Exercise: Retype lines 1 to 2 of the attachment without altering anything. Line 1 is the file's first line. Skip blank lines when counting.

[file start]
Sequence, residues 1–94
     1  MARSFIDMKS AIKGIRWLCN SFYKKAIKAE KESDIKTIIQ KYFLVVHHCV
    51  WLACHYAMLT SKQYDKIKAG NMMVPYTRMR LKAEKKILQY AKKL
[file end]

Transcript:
Sequence, residues 1–94
     1  MARSFIDMKS AIKGIRWLCN SFYKKAIKAE KESDIKTIIQ KYFLVVHHCV